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“Rolling” Hills?

Spring may finally have arrived in southern New England, though, as has been characteristic the last few years, we’ve gone straight from a disappointing winter into early summer, apparently somewhere between Friday afternoon and Saturday morning.

Friday, I finally said “Y’know what? I’m a cyclist. Why aren’t I riding my bike more?”

Answering, I said “Uh, ’cause it’s cold-ish, and may rain?”

“But I live in New England. Possibly the only place on the planet with weather that can make a person whinier about the weather than old England. There are places where it is much, much warmer. And places where it is much, much colder. Sure, it’s not 75 and sunny all the time, but who wants to put up with Californians? Point is, you could ride outside almost 330 days of the year and be in no risk of the weather killing you. On the other 30 days, you can almost certainly get in a few miles of XC skiing. Bad weather is an entering argument, but shape means you can treasure the amazeballs days. And you can’t get shape by whining.”

“Self, you make an excellent point. Giddyup.”

Friday, I was back from a trip to our Nation’s capital, trodding the halls of power, and weaving my way among the throngs of teenagers from the heartland out in DC to see that socialism can actually build a pretty good lifestyle; that walkable cities with transit are pretty stinking cool, and that robust public support for the arts and humanities provides a really interesting way to spend a few days wandering among the collective artifacts that have shaped our history, our art, our sense of self, and our technology.

Mostly, tho, it looked like almost any middle school outing – the adults pretending that they had a shred of cool; the children actively ignoring anyone over 18, the vendors trying desperately to pry hard earned spending money out of the kids’ wallets in exchange for red, white, and blue trinkets made in China.

But the runs was good. It’s been a while since I’ve been able to say that without hesitation; this week felt like a breakthrough. Cranking out 6 on Sunday, and hopefully running one of the legs of the Vermont City Marathon Relay next weekend. Woot.

Enough running, tho. What I really want to talk about is the bike.

There are few things quite so transcendent as the first few rides in the spring, regardless of one’s state of training coming out of a deep winter. The combination of the turn from grey of deep winter, to the brown of mud and very early spring, to the first hints of color from the daffodils and tulips, the first greens from the skunk cabbage and elephants’ ears and fiddleheads. The sounds – the first spring peepers; the hoot of the owls, the deeper ribbets of the leopard and bull frogs, and the terrifying screeching of the fisher cats. The smells – from the damp of melting ice and snow, the earth as it starts to wake, the dead skunk that’s been under a snow pile or frozen mid-puetrificaiton for six months, and finally the flowers and grasses, and blooming trees – amazing.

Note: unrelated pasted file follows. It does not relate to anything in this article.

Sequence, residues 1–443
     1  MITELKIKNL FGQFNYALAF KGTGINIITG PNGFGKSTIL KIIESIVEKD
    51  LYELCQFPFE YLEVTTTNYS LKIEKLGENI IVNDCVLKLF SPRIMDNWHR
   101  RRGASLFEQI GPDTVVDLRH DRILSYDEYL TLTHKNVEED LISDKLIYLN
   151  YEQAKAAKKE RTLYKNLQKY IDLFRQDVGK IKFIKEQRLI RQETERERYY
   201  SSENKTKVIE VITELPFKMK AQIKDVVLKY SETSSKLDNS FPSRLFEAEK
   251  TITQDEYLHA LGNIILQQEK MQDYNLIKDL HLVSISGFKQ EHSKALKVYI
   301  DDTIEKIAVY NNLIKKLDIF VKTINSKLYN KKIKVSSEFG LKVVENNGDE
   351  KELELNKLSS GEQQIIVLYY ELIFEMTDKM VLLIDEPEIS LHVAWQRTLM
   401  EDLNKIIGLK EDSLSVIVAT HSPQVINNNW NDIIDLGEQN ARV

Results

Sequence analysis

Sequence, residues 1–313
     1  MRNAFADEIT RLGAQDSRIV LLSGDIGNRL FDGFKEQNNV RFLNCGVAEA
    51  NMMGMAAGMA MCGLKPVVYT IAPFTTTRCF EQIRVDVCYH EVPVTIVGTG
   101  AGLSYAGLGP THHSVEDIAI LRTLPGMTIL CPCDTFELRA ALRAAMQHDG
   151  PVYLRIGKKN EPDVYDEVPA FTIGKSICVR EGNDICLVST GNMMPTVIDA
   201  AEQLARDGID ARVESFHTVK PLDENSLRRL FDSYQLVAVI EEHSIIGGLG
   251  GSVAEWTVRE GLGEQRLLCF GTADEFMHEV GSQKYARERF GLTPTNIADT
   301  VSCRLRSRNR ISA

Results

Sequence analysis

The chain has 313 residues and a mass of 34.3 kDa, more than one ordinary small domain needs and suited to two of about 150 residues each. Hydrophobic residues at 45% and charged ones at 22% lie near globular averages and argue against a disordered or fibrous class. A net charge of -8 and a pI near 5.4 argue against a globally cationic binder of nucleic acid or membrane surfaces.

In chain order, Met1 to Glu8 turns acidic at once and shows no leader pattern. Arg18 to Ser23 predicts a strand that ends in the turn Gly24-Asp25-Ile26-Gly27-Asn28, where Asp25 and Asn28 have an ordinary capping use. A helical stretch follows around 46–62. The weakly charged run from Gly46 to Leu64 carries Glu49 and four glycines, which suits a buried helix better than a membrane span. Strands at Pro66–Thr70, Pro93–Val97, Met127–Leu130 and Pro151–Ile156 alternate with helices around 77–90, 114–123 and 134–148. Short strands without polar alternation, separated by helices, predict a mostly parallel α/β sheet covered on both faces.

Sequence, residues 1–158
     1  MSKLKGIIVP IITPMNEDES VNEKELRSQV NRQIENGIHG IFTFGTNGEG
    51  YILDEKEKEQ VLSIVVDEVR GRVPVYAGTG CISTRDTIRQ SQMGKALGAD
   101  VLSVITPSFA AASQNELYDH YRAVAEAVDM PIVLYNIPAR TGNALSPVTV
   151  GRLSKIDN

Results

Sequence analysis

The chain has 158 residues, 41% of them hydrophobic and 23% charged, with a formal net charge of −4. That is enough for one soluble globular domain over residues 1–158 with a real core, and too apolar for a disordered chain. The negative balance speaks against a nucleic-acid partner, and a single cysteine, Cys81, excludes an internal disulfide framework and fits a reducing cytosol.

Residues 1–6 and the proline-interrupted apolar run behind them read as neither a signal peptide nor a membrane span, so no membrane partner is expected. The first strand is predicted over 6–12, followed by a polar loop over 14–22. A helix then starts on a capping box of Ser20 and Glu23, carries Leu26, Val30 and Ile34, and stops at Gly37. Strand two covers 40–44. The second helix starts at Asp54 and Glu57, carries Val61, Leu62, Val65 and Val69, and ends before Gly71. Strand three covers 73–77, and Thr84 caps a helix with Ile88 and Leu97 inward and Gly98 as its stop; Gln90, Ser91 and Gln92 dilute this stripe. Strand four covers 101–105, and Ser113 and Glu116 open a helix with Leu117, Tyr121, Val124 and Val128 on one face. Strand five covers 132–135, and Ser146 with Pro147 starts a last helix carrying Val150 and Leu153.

Then there’s the transition of bikes – last ride on the winter bike, with the bullet proof tires to ensure that cinders don’t end your ride prematurely with a tire change in freezing rain (or a call to a significant other, more likely). The first time when you, against better judgement, take out the summer bike, with the good wheels and tires out on roads that might not be completely salt and cinder free and feel again the joy of a beautiful bike under your seat…

I’d made that first ride on the good bike back in April – we had a couple weeks of steady rain, with one 40 degree sunny day that fell on a weekend. I could tell that the fitness wasn’t where I want it to be, but the bike absolutely did not let down.

Fast forward back to this weekend. Friday, my afternoon meetings were cancelled, and, well, I cashed in some hard earned leave in order to ride my bike around Newport.

The ride was, actually pretty good – breezy and cool, but not cold. Shorts, wool jersey, and wool undershirt kept me pretty comfy. I’ve been letting my hair grow – managing bangs that stuck out under my helmet was more of a PITA than I anticipated; but partly, I didn’t want to stop in order to rearrange my helmet.

Having ridden around Newport for a while, I’ve gotten pretty good at reading the winds, and figuring if I should do Ocean Drive counterclockwise or clockwise. Today was a counterclockwise day, which meant I started out by heading through downtown. It’s the start of tourist season, but the road improvements aren’t yet finished, so closures and construction made it a bear.

I’ll also never quite understand why the middle of downtown is a two-lane, dead straight, divided highway for like half a mile, with only two pedestrian crossings. This is not shared-use friendly design. Were I on the Newport town council, I’d open every meeting by proposing cutting this down to two lanes, and relclaiming the other half for mixed-use commercial/residential to help out with the bike-able/transit housing shortage for both Salve Regina and the NAVSTA.

Anyway, fought against the wind until I hit Brenton Point State Park, then crushed it eastbound on Ocean Ave. The one gripe I had was the dude on the e-bike who stayed JUST out of touch – wished I’d caught him to have a draft on the way back.

When I hit the end of Ocean Drive, I thought about going back, but a mile into the wind on legs that aren’t yet accustomed to riding, and I turned around, rode past the Gilded Age 1.0 mansions, wishing that the robber barons of today had the common courtesy to place their unbalanced gains on such public display, and took the short way back home. 21 miles and happy.